It is uncertain whether this will be capable of negating a finding of proximity due to the existing educational and administrative relationship that exists between Law School and Future Lawyer which will in all probability establish sufficient proximity. If both foreseeability and proximity are present, a prima facie duty of care will arise. C) Are there policy reasons that would negate the finding of a prima facie duty of care? Policy considerations can potentially negate a prima facie duty of care but since the courts have typically given less weight to them, they will not be considered in great detail here.
One consideration that might limit the scope of the duty is the difficulty associated with preventing Internet-based harassment over which the university has no control, especially in cases of unknown perpetrators. Such a broad scope of harm only tenuously linked to the university may invite unlimited liability. Secondly, it may be an inappropriate forum for dealing with serious concerns – while universities have some control over their students and employees, crimes occurring outside a university's jurisdiction may be best dealt with by the police. II. Standard of Care… III. Causation in Fact… IV. Causation in Law/Remoteness…
V. Damages… VI. Defences… CONCLUSION The first element for a successful claim of negligence is the existence of a duty of care. There is a modest to moderately high chance that the court will find a duty of care owed by a university to its students to take affirmative steps to halt online harassment. The strongest probability of recognizing a duty of care relies upon the recognition of Pacheco as an analogous duty. The relevance of other caselaw is substantially limited by the important distinction between a duty of nonfeasance and of misfeasance since common law is more cautious about imposing an obligation for positive acts.
It is necessary to clarify if Law School has identified the perpetrator or is able to trace him/her due to the importance of the relationship between Law School and the source of harm. Another imperative step is to examine the Code of Conduct and other regulatory documents to resolve whether it imposes a general obligation to protect or includes an explicit exclusion of a relationship of supervision and control. Finally, it is recommended that the content of the e-mails be inspected to ascertain if the harassment would constitute discrimination, in order to evaluate the weight of relevance cases concerning discriminatory harassment.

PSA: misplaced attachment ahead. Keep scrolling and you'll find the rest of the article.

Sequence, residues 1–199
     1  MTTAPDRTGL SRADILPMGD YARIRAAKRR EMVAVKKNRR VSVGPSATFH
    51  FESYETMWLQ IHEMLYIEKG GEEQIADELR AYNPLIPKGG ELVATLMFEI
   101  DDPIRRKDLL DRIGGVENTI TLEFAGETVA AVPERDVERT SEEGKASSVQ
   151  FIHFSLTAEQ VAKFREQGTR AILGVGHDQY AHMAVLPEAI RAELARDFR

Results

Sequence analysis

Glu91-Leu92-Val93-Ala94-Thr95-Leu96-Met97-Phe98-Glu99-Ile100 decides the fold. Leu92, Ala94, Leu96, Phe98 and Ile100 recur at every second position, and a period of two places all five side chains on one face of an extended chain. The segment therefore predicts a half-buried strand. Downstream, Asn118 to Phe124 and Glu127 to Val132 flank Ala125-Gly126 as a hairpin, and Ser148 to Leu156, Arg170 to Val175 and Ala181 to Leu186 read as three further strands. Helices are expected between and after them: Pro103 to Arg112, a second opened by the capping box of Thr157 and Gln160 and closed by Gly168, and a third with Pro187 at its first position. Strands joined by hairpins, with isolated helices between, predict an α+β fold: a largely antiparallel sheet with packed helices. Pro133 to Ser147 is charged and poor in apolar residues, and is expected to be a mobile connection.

1 Childs v Desormeaux, 2006 SCC 18,  1 SCR 643 at para 15 (the entire Anns test need not be applied if there is an existing or analogous category of relationship). 2 Young v Bella, 2006 SCC 3 at paras 21, 31,  1 SCR 108 [Young]. 3 Francis H. Bohlen, "The Moral Duty to Aid Others as a Basis of Tort Liability" (1908) 56 U Pa L Rev 217 at 219. 4 Powlett v University of Alberta,  2 WWR 209 at para 129,  AJ No. 14 [Powlett]. 5 Ibid at paras 117, 140. 6 Cooper v Hobart, 2001 SCC 79 at para 31,  3 SCR 537. 7 Vancouver School District No 44 v Jubran, 2005 BCCA 201 at para 87, 253 D.L. R. (4th) 294.
8 Pacheco v Dalhousie University 2005 NSSC 222 at para 23, 238 NSR (2d) 1 [Pacheco]; Acadia University v Sutcliffe, 30 NSR (2d) 423, 95 DLR (3d) 95, (loco parentis is further rejected to have "no validity today" for modern universities at para 12). 9 Ibid at para 24 10 Students for Life v University of British Columbia, 2003 BCSC 864,  BCJ No 1326 [Students] (rejects vicarious liability of a university for the torts committed by its students because the necessary relationship of agency of the students was missing at para 120);
Ogden v Simon Fraser University  BCJ No 2288, (no clear ruling about whether a fiduciary duty is owed by a university although there is some indication that courts are reluctant to recognize such a duty at para 64); Students (finds no fiduciary duty on the part of a university student union at para 129). 11 Robichaud v Canada (Treasury Board),  2 SCR 84 at para 17,  SCJ No 47. 12 University of Western Ontario,  OLRD No 5152 at para 52. 13 Uzoaba v Canada (Correctional Services),  CHRD No 7 at para 42,  DCDP No 7.14 Nixon v Greensides, (1992) 12 LW 1234-008. 15 Hinds v Canada (Employment and Immigration Commission).
10 CHRR 5683,  CHRD No 13. 16 Guzman v T,  BCCHRD No. 1 at para 101 [Guzman]. 17 Ibid at para 123. 18 Human Rights Act, SBC 1984, c 22 s 8. 19 Canadian Human Rights Act, SC 1976, c. 33 s13. 1(1)(c) . 20 Human Rights Act at note 17 (s 8(1) "No person shall (b) discriminate against a person with respect to employment or any term or condition of employment, because of the … sex of that person … "); Ibid (13.1(1)(c)
"It is a discriminatory practice, (c) in matters related to employment, to harass an individual on a prohibited ground of discrimination", 48 (5) "Subject to subsection (6), any act or omission committed by an officer, a director, an employee or an agent of any person, association or organization in the course of the employment of the officer, director, employee or agent shall, for the purposes of this Act, be deemed to be an act or omission committed by that person, association or organization. ") 21 Mustapha v Culligan of Canada, 2009 SCC 27 at para 15,  2 SCR 114 [Mustapha].
Criminal Code, RSC 1985, s 264(1), (2)(b). 23 Mustapha, supra note 20 at para 18; Vanek v Great Atlantic & Pacific of Canada, 48 OR (3d) 228 at paras 59-61, 180 DLR (4th) 748. 24 M'Alister (or Donoghue) v Stevenson,  AC 562 (HL). 25 Young, supra note 2 at para 31; Ciano v York University,  OJ No 183 at para 15,  OTC 37 ("The relationship between student and university is contractual. Upon enrolment into classes, registration and tuition payment, the student enters into a contract with the university to provide higher education, access to resources and class instruction" at para 15).